UserScape Blog

Our thoughts on the business of software & 10 years of bootstrapping

Delivered weekly. Unsubscribe at anytime.

Organizing Snappy

by Taylor Otwell on Nov/04/2013

Snappy is built on top of the Laravel PHP framework. One of the most common questions we receive from other Laravel users is how to organize a large code base like Snappy. In this post I'll share a few of the things we do to keep our Laravel code base manageable.

Many modern web frameworks ship with a folder equivalent to models, including Laravel and Rails. However, if you put all of your code within this directory, the folder will get crowded quickly. One key to organizing your project will be simply creating more folders, which correspond to namespaces within your Laravel application. When starting to work on Snappy, we simply renamed our "models" directory to "Snappy". Model is a vague and generic word for most programmers, and we find it helpful to just discard it entirely.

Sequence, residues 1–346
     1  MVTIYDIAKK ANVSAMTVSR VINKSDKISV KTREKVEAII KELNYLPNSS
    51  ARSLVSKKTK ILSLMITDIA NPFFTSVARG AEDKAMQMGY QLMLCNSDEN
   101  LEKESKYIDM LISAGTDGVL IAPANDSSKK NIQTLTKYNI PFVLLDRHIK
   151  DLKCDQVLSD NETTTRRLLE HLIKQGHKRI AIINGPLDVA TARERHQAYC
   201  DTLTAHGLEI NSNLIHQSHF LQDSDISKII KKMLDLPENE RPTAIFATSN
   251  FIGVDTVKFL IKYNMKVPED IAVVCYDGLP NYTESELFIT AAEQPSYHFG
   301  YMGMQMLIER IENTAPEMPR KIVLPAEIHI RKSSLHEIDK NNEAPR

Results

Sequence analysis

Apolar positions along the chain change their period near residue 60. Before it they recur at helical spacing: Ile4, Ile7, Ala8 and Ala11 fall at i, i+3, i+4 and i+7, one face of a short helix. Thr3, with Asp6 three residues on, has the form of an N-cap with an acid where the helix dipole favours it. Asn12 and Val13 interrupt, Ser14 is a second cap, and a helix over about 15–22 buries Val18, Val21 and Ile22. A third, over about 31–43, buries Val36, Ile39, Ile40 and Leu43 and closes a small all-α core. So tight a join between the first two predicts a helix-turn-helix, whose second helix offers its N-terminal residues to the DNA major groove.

Next, we create sub-folders within our "Snappy" directory that correspond to various "areas of responsibility". So, for example, Snappy has a group of classes that handle sending and receiving e-mail. We call this our e-mail "pipeline", and we have a "Pipeline" folder / namespace that holds these classes. Likewise, we have a group of classes that deal with persisting data to our database. We call these classes "repositories" and place them within a "Repositories" folder / namespace.


By breaking our classes up by responsibility, an individual class stays manageable. Rather than digging through files with thousands of lines of code, it's much easier to explore a class that is a few dozen to a few hundred lines. And, by standardizing all of our data access into repositories, controllers are able to share common data access logic.

We also like to create helpful base classes like our TenantRepository. This class provides a convenient method to constrain all of our queries by a given Snappy account ID. A simple make method creates a new Eloquent ORM query and sets the account ID constraint:


We then have a few generic methods, like one that allows us to quickly pull a record by a key / value pair. This helper utilizes the make method which sets the account ID:


Creating these types of "helper" methods will save you tons of time, and keep you from repeating the same logic over and over again.

For even more information on organizing a large Laravel project, check out Laravel 4: Advanced Application Architecture by Taylor Otwell, Software Engineer at UserScape.